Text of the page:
If you long for the sound of a Packard engine sputtering to life inside an aluminum death machine, you'll definitely want to check out Bombshells: Hell's Belles. But don't look for killer gams on the nose art: Glu Mobile's latest offers plenty of eye candy sitting right inside the cockpit. Bombshells is an air combat game in the vein of Crimson Skies or SkyDrift, with a definite slant towards cartoony, arcade-style gameplay rather than simulation.
What we do in life echoes in eternity. But what you do in between classes or on the bus home might not matter quite so much. Even so, you can squeeze in some fantasy-flavored gladiatorial combat with Glu Mobile's latest high-profile title, Blood & Glory: Legend. The sequel to the original Blood & Glory expands with new stages and a new story, advanced via a motion comic-style cutscenes. Like most of Glu's recent offerings, the game is free, but you can upgrade your appearance and weapons with in-app purchases.
Well, this one sure is going to bend your brain a bit. Avoider is a puzzle game with a very basic premise. You have to move two colored squares to opposite corners of the screen without hitting any obstacles. The catch? They're movement is locked together, and you only control the blue one. When you move your box, the red one moves in perfectly-synced symmetrical motion. Yeah, it gets convoluted. Though, reading this site, I'm sure you're used to that.
You can always rely on Gamevil to create engaging little games that will eat up your free time. In that spirit, Gamevil has released a new game on Google Play called Freekick Battle. This title has easy-to-master controls and a single goal: to err... score goals. All that other soccer stuff is out the window, though. All you're doing here is taking free kicks. It's just you and the defenders.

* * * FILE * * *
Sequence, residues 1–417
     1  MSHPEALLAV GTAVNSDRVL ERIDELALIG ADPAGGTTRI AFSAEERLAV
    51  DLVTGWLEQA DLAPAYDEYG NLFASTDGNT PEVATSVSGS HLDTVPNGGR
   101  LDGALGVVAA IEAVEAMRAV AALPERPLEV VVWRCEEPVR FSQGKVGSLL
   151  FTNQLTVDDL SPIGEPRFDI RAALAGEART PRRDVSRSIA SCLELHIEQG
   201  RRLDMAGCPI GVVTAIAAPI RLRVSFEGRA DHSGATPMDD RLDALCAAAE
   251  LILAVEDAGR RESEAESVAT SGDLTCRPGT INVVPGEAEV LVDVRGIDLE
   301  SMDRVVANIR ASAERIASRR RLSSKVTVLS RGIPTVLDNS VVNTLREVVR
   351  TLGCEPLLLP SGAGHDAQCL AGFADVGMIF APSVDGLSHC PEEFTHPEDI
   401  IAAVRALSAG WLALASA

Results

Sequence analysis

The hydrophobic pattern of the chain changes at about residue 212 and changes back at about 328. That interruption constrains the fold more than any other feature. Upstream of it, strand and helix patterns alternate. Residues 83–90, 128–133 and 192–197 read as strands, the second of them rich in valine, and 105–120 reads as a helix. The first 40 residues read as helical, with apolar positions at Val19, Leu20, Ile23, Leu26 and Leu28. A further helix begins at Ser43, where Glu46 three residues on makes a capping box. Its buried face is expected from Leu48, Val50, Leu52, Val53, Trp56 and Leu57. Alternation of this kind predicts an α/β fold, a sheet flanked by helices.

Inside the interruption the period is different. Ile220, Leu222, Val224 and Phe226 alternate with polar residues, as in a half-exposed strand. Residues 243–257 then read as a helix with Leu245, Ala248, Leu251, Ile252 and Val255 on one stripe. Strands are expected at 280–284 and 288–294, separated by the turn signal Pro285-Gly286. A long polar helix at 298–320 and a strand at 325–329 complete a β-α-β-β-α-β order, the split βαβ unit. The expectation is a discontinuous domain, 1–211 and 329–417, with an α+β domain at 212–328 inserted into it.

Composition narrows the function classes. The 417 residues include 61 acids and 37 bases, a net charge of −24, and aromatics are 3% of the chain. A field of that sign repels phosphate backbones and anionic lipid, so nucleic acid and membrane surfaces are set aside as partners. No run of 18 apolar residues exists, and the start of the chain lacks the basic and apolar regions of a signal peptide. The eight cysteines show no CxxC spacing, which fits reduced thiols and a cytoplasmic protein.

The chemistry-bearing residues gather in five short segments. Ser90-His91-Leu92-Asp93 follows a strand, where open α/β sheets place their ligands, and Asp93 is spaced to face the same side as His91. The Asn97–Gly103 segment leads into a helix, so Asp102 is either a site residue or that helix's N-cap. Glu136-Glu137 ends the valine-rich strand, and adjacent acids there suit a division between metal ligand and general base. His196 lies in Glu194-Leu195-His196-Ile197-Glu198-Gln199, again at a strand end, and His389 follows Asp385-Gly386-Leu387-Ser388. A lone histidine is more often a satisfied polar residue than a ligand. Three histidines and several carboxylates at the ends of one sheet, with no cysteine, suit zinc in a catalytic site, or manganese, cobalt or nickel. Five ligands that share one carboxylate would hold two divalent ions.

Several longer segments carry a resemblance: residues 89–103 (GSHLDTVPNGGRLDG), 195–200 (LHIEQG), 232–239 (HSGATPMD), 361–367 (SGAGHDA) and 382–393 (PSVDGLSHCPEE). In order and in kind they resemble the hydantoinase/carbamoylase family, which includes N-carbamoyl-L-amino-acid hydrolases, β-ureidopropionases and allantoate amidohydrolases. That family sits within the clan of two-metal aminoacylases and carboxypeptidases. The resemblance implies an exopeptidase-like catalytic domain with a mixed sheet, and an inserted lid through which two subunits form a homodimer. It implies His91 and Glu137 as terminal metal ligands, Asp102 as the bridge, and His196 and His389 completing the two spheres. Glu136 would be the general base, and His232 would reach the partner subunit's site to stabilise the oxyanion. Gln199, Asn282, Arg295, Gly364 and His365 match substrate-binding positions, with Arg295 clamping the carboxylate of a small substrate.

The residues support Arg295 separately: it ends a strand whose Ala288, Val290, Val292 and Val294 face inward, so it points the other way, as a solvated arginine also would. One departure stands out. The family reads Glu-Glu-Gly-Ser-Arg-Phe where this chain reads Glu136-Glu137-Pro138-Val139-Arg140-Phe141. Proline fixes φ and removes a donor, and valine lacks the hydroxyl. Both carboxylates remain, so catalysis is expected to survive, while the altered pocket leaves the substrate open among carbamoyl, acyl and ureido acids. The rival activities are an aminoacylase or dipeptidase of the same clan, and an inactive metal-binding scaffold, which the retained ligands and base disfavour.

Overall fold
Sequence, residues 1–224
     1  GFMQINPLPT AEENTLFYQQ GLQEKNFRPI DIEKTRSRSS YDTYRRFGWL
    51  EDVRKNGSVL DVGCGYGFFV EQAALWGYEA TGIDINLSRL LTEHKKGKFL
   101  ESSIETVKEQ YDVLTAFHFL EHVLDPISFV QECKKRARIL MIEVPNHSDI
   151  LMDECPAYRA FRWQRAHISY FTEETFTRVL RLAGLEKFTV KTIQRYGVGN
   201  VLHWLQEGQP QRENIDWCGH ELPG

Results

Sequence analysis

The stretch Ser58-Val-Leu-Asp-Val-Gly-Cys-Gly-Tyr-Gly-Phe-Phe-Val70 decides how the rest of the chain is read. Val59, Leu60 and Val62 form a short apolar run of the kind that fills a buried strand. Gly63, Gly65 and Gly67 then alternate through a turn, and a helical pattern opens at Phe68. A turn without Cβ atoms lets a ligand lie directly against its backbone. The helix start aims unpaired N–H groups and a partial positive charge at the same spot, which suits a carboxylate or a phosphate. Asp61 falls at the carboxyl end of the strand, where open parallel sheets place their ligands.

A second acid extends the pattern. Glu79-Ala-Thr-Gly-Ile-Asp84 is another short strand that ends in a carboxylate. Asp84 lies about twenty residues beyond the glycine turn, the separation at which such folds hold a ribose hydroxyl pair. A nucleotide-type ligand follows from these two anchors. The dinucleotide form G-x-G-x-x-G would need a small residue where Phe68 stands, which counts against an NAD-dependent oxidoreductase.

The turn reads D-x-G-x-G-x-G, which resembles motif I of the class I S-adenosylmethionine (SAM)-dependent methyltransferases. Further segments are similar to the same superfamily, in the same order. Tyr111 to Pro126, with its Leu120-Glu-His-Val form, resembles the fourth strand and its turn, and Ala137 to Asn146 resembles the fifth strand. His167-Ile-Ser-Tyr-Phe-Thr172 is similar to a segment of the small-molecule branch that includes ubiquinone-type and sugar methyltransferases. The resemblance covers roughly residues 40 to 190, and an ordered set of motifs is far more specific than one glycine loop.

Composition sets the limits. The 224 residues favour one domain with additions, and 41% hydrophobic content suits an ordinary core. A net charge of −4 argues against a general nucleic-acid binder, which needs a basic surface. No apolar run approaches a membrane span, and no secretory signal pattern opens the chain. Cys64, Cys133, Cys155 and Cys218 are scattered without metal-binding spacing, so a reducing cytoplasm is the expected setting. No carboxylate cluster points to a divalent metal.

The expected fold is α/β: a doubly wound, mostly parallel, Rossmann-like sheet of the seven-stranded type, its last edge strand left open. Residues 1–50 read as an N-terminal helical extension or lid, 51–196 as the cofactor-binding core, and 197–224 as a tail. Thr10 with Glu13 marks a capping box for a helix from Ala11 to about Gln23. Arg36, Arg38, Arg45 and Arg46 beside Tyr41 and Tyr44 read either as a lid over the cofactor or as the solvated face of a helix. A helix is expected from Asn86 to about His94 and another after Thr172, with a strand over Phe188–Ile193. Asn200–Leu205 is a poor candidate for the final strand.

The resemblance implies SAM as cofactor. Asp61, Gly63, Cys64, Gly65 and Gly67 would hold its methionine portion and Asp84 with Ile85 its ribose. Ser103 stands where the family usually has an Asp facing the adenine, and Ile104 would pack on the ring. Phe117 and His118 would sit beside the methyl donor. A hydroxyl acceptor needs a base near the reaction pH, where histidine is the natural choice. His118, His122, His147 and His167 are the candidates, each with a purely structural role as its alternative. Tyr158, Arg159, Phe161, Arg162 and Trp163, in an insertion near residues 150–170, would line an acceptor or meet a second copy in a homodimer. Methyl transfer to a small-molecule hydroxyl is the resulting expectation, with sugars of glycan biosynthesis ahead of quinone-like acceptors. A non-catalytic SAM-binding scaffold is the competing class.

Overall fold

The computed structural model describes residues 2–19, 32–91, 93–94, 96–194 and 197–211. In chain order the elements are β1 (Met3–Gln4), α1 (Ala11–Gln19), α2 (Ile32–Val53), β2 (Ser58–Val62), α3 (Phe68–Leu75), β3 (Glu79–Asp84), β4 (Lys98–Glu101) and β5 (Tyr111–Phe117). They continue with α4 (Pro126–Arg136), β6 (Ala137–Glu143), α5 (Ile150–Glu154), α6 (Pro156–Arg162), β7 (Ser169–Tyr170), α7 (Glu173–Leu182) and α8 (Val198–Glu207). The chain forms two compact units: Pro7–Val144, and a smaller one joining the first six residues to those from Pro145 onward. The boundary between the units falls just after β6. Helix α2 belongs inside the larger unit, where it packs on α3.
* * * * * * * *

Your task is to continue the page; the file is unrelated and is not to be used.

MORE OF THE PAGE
The controls are very simple, so after a few minutes you'll get the hang of it.
Apparently simventure is quickly becoming its own genre. Today's latest entry into this crossover category is Kingdoms & Lords from Gameloft, which has finally hit release after being announced back in June. Part of the game will take place in a simulated kingdom (spoilers, I know). You'll spend your time managing your economy "on a daily basis", as the description on the Play Store is quick to point out. Hopefully this won't be the Farmville-ian style where, if you cease to play for a few hours, your kingdom dies.
Splashtop is one of the leading pieces of remote desktop software, not to mention app of choice for NVIDIA CEO Jen-Hsun Huang when he wants to play Skyrim on his tablet. Now, Splashtop 2 HD has hit the Play Store, bringing pinch-to-zoom support, a new interface, and a very attractive price tag of free, for the time being.
As of right now, the app is free on the Play Store, however Splashtop says that this deal will only be available "for a limited time." Now, according the Play Store rules, a developer cannot convert a free app into a paid app, so it's unclear just how this will work once the developer ends the free period.
Remember when Angry Birds came out, and suddenly a ton of games popped up based on flinging things at other things in a physics simulation? Well, now it's the running game's turn to get a million "variants". Agent Dash is just the latest in a series of games that have come out centered around dodging stuff while your character continuously runs forward, apparently unable to slow down. The Eames-era style, though, certainly makes this one a looker.
Top-down shooters, also known as "bullet hell" games, are fairly common on mobile platforms. But rarely have we seen one with the complexity and artistry of this one. AstroWings3: Icarus is the latest in a series that started on iOS, and the first to make the warp jump to Android. Don't let that dissuade you, though - it's well worth your attention if you're a fan of the genre. Customizable weapons and screen-filling attacks are par for the course, and the loose connection to Greco-Roman mythology gives the game a nice presentation.
If there's one thing that sets people off upon purchasing or downloading an app (games in particular), it's opening it up and finding it has in-app purchases.
And this is, generally, a good instinct for consumers to have - hundreds, if not thousands of mobile games blatantly take advantage of people's willingness to nickel-and-dime themselves out of money they would have never otherwise spent buying a game in the first place.
Four monkeys* enter an arena. One monkey leaves. The simians are given all manner of weapons and powers to battle each other: maces, shields, shotguns, explosions, lava, and scorched-earth magical lightning blast powers that destroy anything in its path. Do I have your attention yet? I should. Because there is absolutely nothing in your measly little life that is nearly as awe-inspiring as monkeys battling to the death in the ancient stadium where mortals fight for glory.